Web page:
Mr. Ding-A-Ling This work has been published in the Teen Ink monthly print magazine.

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   As soon as I hear the familiar music, I run through the house looking for spare change. Once my findings total eighty-five cents, I run barefoot onto the hot blacktop to the white truck. There is a line of children in front of me. This year's Mr. Ding-A-Ling looks like a hippie. I scan the pictures of ice cream on the side of the truck, but take only a second to order a Firecracker. It is cold, and the cold is welcome on such a hot day. I sit on the curb to enjoy my purchase and watch the kids return to their game of ball. I remember when I was that young. My neighbor and I would take out the Willy Waterbug and run through it in our clothes.

There is an ant pile next to me and I flatten it, but then I feel bad, so I clear away a hole for the ants to escape. The kids are still laughing and playing and I wonder how it must feel not to worry about grades and popularity and looks. The popsicle is not that good and the red juice runs down my leg and leaves a trail that looks like blood. I don't really know why I bought it, I hate Firecrackers. The ball rolls over to me and I throw it back and realize why I buy the ice cream. It is to become that kid again, even if it is just until the popsicle runs out. I can buy another tomorrow and return, but now it is time to go back. I take the last bite of my Firecracker, throw the stick in the sewer and go.c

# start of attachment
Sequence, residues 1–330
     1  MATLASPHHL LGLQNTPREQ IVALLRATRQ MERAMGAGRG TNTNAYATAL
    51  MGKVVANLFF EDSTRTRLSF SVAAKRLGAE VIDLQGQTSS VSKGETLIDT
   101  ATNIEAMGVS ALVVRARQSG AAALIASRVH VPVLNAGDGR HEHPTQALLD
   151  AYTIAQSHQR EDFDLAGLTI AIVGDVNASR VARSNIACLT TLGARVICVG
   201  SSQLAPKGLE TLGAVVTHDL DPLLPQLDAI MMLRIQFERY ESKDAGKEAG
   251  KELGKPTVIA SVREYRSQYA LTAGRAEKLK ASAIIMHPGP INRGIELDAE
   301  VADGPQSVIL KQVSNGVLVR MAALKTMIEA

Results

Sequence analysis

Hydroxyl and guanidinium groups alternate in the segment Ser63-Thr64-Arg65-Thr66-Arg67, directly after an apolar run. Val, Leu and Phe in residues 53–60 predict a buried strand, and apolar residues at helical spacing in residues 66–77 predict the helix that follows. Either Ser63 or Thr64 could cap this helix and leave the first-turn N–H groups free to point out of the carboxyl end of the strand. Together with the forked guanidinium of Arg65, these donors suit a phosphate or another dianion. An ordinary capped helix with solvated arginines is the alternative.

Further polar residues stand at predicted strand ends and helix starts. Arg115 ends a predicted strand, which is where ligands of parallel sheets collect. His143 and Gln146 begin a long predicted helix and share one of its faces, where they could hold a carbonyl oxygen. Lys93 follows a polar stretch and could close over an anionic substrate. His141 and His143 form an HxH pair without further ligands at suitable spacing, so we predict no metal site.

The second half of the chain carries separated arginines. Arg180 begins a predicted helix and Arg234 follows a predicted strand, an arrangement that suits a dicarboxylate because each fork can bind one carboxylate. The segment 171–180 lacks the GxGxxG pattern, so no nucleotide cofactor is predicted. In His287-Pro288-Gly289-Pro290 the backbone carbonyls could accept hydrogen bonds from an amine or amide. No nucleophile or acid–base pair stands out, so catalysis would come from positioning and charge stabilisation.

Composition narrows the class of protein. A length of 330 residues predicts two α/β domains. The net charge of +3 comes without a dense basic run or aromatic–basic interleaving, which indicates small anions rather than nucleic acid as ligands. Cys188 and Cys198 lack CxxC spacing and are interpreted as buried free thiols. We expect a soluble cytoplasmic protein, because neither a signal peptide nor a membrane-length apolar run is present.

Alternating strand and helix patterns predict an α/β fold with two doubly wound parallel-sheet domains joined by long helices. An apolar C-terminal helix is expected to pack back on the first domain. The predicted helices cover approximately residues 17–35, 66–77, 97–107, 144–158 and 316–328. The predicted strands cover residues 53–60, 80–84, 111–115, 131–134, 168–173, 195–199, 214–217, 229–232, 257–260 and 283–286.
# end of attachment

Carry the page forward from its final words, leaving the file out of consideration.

This work has been published in the Teen Ink monthly print magazine. This piece has been published in Teen Ink’s monthly print magazine.






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